Lawmakers override McCrory veto on controversial 'ag-gag' bill

Dubbed an "ag-gag" bill by opponents, the measure would allow businesses to sue employees who obtain work just to conduct undercover investigations.

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Mark Binker
Laura Leslie
RALEIGH, N.C. — Both the state House and Senate voted Wednesday to override Gov. Pat McCrory's veto of House Bill 405, a law that proponents say protects private property rights but opponents say muzzles whistleblowers.

Dubbed an "ag-gag" measure by its critics, the bill gives businesses the right to sue employees who expose trade secrets or take pictures of their workplaces. Animal rights groups say the measure is aimed at curbing the kind of undercover investigations that have exposed abusive practices in factory farms and slaughterhouses.

"Whistleblowers are protected in this bill," Sen. Brent Jackson, R-Sampson, said on the floor of the Senate during a brief debate Wednesday afternoon.

Senators voted 33-15 to override the veto less than hour after members of the House voted 79-36 to pass the measure not withstanding the governor's objections. The bill will become law Jan. 1.

When McCrory vetoed the bill, he said he agreed with the goal of curbing the practice of people who get hired merely so they can film undercover or gather corporate documents.

"While I support the purpose of this bill, I believe it does not adequately protect or give clear guidance to honest employees who uncover criminal activity," McCrory wrote in his veto message.

Journalism groups and the AARP made similar arguments, saying that the bill would apply to all employers, not just the agriculture industry. Industry workers, they say, could be discourage from coming forward with evidence of elder abuse.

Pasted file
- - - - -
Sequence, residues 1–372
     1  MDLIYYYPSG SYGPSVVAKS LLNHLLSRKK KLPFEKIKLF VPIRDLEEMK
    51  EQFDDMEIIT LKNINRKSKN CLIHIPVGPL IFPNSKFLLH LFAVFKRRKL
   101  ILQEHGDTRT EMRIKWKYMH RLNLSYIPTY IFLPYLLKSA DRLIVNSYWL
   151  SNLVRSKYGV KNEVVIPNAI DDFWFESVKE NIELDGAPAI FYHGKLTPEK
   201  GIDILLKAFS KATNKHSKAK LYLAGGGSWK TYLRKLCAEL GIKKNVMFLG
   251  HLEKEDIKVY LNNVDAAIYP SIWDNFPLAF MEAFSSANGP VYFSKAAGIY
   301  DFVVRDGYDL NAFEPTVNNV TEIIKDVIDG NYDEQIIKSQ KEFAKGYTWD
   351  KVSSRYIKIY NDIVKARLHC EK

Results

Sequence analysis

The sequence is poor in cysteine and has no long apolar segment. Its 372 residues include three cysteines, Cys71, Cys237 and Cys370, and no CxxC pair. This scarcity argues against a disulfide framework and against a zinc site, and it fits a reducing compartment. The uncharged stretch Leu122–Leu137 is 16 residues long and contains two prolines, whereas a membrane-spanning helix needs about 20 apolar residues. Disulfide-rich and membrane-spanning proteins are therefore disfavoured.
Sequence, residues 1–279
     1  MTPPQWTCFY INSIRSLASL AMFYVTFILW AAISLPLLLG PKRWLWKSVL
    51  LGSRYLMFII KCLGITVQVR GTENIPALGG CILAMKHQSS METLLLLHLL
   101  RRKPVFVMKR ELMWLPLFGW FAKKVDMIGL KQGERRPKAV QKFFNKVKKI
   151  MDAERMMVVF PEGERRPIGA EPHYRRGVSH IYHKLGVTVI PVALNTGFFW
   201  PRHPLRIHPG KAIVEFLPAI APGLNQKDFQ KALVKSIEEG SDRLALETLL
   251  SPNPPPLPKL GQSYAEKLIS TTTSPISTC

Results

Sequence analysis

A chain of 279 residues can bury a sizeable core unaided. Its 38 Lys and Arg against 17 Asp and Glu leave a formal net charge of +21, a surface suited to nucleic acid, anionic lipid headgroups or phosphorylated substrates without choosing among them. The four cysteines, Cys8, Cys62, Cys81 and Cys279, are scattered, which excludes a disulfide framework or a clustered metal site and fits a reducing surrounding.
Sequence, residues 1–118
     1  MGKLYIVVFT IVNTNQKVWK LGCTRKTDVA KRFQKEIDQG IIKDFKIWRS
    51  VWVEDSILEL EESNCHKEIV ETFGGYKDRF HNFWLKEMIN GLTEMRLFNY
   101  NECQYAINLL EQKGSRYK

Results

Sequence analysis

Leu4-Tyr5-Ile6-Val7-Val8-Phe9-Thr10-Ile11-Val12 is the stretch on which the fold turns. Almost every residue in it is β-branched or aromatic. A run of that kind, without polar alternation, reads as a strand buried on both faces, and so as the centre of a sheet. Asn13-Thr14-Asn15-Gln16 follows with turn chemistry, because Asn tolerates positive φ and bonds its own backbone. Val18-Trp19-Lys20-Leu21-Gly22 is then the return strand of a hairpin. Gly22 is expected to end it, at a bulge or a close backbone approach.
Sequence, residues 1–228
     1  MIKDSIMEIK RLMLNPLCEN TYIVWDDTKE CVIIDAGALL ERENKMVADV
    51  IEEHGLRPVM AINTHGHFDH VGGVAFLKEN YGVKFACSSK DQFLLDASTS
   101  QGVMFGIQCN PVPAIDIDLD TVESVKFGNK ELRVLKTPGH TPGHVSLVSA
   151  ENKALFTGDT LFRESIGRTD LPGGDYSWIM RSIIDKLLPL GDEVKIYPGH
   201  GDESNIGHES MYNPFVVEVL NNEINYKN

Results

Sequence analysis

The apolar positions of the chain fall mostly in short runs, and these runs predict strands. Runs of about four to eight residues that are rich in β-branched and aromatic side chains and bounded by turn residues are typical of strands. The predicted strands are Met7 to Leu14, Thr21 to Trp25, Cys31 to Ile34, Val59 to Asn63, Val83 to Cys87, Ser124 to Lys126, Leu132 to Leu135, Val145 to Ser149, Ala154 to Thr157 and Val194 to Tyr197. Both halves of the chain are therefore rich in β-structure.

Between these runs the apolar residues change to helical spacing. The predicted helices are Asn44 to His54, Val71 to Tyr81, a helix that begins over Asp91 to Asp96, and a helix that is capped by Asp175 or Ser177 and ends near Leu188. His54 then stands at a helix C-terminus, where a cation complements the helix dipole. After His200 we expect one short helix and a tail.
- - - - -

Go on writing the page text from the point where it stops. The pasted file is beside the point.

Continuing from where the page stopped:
"To give one relevant example, allegations surfaced last year that employees at Veterans Affairs facilities in North Carolina had been retaliated against for whistleblowing," wrote Steven Nardizzi, chief executive of the Wounded Warrior Project. "As an organization dedicated to honoring and empowering injured service members, we are concerned that this legislation might cause wrongdoing at hospitals and institutions to go unchecked."

House sponsors said that critics of the bill were wrongly characterizing it.

"It doesn’t stop good employees from reporting illegal activities to other authorities," Rep. John Szoka, R-Cumberland, said on the House floor.

Those "authorities" would include law enforcement and regulatory agencies. It's unclear what might happen if a worker were to expose a practice to a journalist and whether that journalist would be liable. That's among the technical flaws opponents have said they wold like to fix.

"Some tweaking of this may well be in order," said Rep. John Blust, R-Guilford. "I hope we can find a vehicle for it this session, but I’m not willing to along with what I believe is misinformation."
It's not uncommon, Blust and Szoka pointed out, for lawmakers to pass separate "technical corrections" bill to fix legislation that has already passed.

But Rep. Becky Carney, D-Mecklenburg, said that the governor's veto had given lawmakers the chance to start over and get the bill right to begin with.

"If there is a major doubt, we have a chance to slow it down," Carney said. "Let's take it back. Let’s get it right. Fix those corrections in a real bill that we can all wrap our hands around."

In the end, Republican backers of the measure said it was important to protect businesses from bad actors and voted to pass the bill over McCrory's objections.

"We need to vote for this because it has gotten out of control what some so-called employees have done to businesses," said Rep. Pat McElraft, R-Carteret.

The move drew a quick rebuke from animal rights groups.

"Not only will this ag-gag law perpetuate animal abuse, it endangers workers’ rights, consumer health and safety, and the freedom of journalists, employees, and the public at large to share information about something as fundamental as our food supply. This law is bad for consumers, who want more, not less, transparency in food production," said Nathan Runkle, president of Mercy For Animals.


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